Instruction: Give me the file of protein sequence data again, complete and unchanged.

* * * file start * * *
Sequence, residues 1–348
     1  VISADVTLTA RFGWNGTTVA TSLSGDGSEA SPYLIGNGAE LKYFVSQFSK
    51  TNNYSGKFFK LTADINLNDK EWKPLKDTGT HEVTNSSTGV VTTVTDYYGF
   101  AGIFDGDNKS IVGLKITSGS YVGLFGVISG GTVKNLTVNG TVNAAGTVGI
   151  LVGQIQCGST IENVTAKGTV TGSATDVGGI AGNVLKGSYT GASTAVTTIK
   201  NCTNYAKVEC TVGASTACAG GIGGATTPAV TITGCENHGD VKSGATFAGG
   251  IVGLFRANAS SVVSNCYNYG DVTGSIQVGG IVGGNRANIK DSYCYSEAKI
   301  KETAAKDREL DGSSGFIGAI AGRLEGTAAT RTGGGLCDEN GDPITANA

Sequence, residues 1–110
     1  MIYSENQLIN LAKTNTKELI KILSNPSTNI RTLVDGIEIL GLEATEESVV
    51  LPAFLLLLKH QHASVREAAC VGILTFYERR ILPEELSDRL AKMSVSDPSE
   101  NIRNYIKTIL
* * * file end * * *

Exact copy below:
Sequence, residues 1–348
     1  VISADVTLTA RFGWNGTTVA TSLSGDGSEA SPYLIGNGAE LKYFVSQFSK
    51  TNNYSGKFFK LTADINLNDK EWKPLKDTGT HEVTNSSTGV VTTVTDYYGF
   101  AGIFDGDNKS IVGLKITSGS YVGLFGVISG GTVKNLTVNG TVNAAGTVGI
   151  LVGQIQCGST IENVTAKGTV TGSATDVGGI AGNVLKGSYT GASTAVTTIK
   201  NCTNYAKVEC TVGASTACAG GIGGATTPAV TITGCENHGD VKSGATFAGG
   251  IVGLFRANAS SVVSNCYNYG DVTGSIQVGG IVGGNRANIK DSYCYSEAKI
   301  KETAAKDREL DGSSGFIGAI AGRLEGTAAT RTGGGLCDEN GDPITANA

Sequence, residues 1–110
     1  MIYSENQLIN LAKTNTKELI KILSNPSTNI RTLVDGIEIL GLEATEESVV
    51  LPAFLLLLKH QHASVREAAC VGILTFYERR ILPEELSDRL AKMSVSDPSE
   101  NIRNYIKTIL